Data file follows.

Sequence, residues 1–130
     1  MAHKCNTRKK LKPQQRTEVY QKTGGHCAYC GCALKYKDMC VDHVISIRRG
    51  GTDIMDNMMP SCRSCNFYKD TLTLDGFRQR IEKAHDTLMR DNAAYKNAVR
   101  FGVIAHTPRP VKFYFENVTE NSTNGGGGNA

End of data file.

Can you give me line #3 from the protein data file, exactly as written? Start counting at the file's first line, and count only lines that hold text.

    51  GTDIMDNMMP SCRSCNFYKD TLTLDGFRQR IEKAHDTLMR DNAAYKNAVR